On Women ArtistsPrint
Two recent films
By Phillip Lopate
July 8, 2016
Lately there have been a slew of compelling documentaries focusing on one person, such as Amy Winehouse, Nina Simone, Anthony Weiner. It used to be that you couldn’t even book documentaries into movie theaters, they were considered such box office poison, but the public’s taste has changed for the better. One reason may be that these biographical documentaries deliver a sense of character far richer and more complex than the typical Hollywood feature film. Screenwriters are trained to distribute one-and-a-half or at most two traits per character (see, for instance, the current, disappointing Money Madness, where the protagonist played by George Clooney is first craven, then noble: this turnabout is considered sufficient narrative “arc” by feature film standards), whereas there is no end to the head-scratching contradictions of the eponymous protagonist in the documentary Weiner. Formally, it must be said, very few of the recent documentaries break new ground, and they often rely on a dubious bag of sonic and editing tricks in an effort to jazz up their subject, while raising ethical questions about exploitation of vulnerability or invasion of privacy. Others err on the side of hagiography. Still, when they hit it right, the result can seem a revelation about the twists and turns of a human life.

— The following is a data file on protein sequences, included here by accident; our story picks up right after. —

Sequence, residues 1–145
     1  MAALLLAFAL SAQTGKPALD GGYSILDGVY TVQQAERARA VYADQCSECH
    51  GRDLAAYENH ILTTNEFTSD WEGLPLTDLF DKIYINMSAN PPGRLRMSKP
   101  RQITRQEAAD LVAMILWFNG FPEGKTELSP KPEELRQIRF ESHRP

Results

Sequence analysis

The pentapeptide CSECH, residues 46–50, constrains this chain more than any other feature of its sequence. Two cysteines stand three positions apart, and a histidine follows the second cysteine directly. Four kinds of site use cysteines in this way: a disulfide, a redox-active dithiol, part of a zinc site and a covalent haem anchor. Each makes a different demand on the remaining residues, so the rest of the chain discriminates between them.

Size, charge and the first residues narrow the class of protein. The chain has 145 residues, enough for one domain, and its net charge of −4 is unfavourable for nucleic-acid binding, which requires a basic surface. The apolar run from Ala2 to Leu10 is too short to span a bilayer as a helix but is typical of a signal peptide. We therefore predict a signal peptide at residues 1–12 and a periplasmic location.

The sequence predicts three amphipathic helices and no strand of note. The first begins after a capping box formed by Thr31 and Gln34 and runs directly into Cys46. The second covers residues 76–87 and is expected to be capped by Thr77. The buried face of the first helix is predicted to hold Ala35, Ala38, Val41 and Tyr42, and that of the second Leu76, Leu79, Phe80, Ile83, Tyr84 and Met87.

Two movies about contemporary women artists have opened recently, one exemplary, the other less so. The terrific one is Eva Hesse, directed by Marcie Begleiter. I had long been fascinated by the dazzlingly innovative work of this sculptor, having visited her posthumous retrospective several times in the ’70s, read books and articles about her, and even written a catalog essay about her drawings for a show at the Contemporary Art Museum in Houston. I think I was even a little in love with Eva Hesse (she looked beautiful in photographs), and certainly enamored of her artworks. So I was predisposed to like this film, if it taught me anything new, while initially skeptical that it might. It taught me plenty. There were revealing interviews with her articulate sister, her best friend, her ex-husband (the sculptor Tom Doyle), art critics, museum curators, and fellow artists such as Robert and Sylvia Mangold. I learned about her precocious, self-conscious adolescence, her art school training at Yale, her high ambitions to make it in a male-dominated art world, her rocky marriage, her bouts with depression and illness, her aesthetic breakthroughs in exploring new materials. That she died at 34 from cancer brought a built-in shape and poignancy to the documentary. Still, the filmmaker did not elect a strictly chronological approach, choosing to deepen the shadows gradually, so that we learn somewhere in the middle that she had grown up in Nazi Germany, had escaped with her sister via Kindertransport, had been reunited with her parents after the war, and that in the United States her mother had committed suicide, at which point her doting father raised the two girls.